Traditional Korean Embroidery

March 8 - April 5, 2002

Gallery Korea at the Korean Cultural Center New York
(460 Park Ave. 6th Floor, New York, NY 10022)

Traditional Korean Embroidery by Hahn Sang Su

Gallery Korea is pleased to announce an exhibition of Korean Embroidery by Hahn Sang Su. Ms. Hahn, a National Treasure in Korea, continues a traditional craft that extends back thousands of years. Korean embroidery, Jasu, is particularly admired for vivid color schemes and striking designs. In addition to clothing, embroidery embellishes boxes, ornaments and screens, as well as curtains and wrapping cloth. 
Throughout Korean history the color of clothing and various embroidered symbols have identified the social position of people. In the Koryo Dynasty (1215 - 1368), embroidery decorated screens as well as personal items, and was also donated to Buddhist temples. There were occasions, however, when restrictions were placed on indulgence in such extravagant luxury. The succeeding Joseon Dynasty (1392 - 1910) established a codification of the embroidered insignia worn by officials in order to distinguish their rank in the civil and military bureaucracy. This required the organization of embroidery studios within central and regional government offices. At this time, when the development of agricultural production superceded that of the craft industries, embroidery became exulted as a virtuous activity for women. In addition to wedding gowns and ceremonial wear, embroidery enriches personal objects such as pouches and cases with symbolic imagery related to good fortune. A broad selection of such items will be on display in Gallery Korea.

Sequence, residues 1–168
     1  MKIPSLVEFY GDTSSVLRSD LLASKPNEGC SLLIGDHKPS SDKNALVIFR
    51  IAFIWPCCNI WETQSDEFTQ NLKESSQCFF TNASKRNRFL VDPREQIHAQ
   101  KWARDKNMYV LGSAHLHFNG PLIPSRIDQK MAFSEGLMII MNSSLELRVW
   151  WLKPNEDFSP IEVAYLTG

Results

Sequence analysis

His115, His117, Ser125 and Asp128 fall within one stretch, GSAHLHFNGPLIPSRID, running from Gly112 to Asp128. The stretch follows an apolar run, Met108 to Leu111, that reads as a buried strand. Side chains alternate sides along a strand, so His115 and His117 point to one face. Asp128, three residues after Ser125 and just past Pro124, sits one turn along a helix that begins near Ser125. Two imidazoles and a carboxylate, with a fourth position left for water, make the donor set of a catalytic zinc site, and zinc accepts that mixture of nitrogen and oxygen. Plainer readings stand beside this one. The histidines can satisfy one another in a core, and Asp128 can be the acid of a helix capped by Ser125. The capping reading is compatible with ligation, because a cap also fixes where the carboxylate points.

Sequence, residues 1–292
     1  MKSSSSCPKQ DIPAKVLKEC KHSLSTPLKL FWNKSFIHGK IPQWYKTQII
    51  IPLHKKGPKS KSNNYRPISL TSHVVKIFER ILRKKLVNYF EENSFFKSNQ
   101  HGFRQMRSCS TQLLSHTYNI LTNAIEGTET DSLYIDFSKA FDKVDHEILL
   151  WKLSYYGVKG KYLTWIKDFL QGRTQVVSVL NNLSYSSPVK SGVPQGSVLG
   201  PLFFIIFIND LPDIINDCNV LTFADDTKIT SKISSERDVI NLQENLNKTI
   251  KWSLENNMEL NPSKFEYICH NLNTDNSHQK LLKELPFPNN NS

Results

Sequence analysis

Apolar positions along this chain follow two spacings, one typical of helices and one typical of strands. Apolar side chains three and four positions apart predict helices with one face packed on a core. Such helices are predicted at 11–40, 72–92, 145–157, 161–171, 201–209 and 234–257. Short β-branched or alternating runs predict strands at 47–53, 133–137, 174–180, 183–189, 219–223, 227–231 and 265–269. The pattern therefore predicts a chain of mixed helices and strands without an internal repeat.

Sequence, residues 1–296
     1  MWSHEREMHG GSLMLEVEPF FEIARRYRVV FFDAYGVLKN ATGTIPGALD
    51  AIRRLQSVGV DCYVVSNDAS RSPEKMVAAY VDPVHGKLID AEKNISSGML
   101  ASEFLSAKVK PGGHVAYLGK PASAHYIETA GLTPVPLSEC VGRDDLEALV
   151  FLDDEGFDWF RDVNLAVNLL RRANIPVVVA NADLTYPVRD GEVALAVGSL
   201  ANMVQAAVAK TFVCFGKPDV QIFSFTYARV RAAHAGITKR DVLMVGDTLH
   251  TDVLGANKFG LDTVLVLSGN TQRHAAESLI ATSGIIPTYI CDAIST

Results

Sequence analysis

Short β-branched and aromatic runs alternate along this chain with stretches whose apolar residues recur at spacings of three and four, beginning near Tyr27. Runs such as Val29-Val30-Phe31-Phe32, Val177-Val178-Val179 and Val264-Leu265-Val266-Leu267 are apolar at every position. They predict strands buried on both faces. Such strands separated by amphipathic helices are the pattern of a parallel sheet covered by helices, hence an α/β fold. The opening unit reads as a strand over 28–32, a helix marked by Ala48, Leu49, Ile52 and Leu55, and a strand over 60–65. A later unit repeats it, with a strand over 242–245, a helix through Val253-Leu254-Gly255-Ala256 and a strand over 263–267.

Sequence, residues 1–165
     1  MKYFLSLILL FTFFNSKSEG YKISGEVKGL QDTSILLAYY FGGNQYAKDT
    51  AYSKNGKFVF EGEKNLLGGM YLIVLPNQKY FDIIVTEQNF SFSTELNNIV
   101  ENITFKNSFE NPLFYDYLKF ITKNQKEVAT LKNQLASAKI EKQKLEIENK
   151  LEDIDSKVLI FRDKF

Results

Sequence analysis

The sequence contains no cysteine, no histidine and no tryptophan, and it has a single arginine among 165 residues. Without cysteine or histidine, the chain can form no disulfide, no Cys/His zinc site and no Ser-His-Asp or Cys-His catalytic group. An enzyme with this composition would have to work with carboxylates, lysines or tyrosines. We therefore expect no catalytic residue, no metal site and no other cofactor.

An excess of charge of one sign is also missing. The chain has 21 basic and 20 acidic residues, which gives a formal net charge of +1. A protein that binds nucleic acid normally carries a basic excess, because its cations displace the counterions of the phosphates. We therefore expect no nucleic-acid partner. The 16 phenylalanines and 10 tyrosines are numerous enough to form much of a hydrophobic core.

Hahn Sang Su was born in 1935 on Jeju Island just off the southern tip of the Korean peninsula. She first studied embroidery as a student and eventually so impressed her teachers that she was encouraged to enter a national competition at which she won an award. She began to research Korean traditions in embroidery that had been neglected under the influence of Western modernity and Japanese occupation. In 1963, she opened an institute for the study of embroidery in Seoul. Since then she has published several books on the history of Korean embroidery and in 1984 she was made the first Living Treasure for the Craft of Embroidery.

Miro Yoon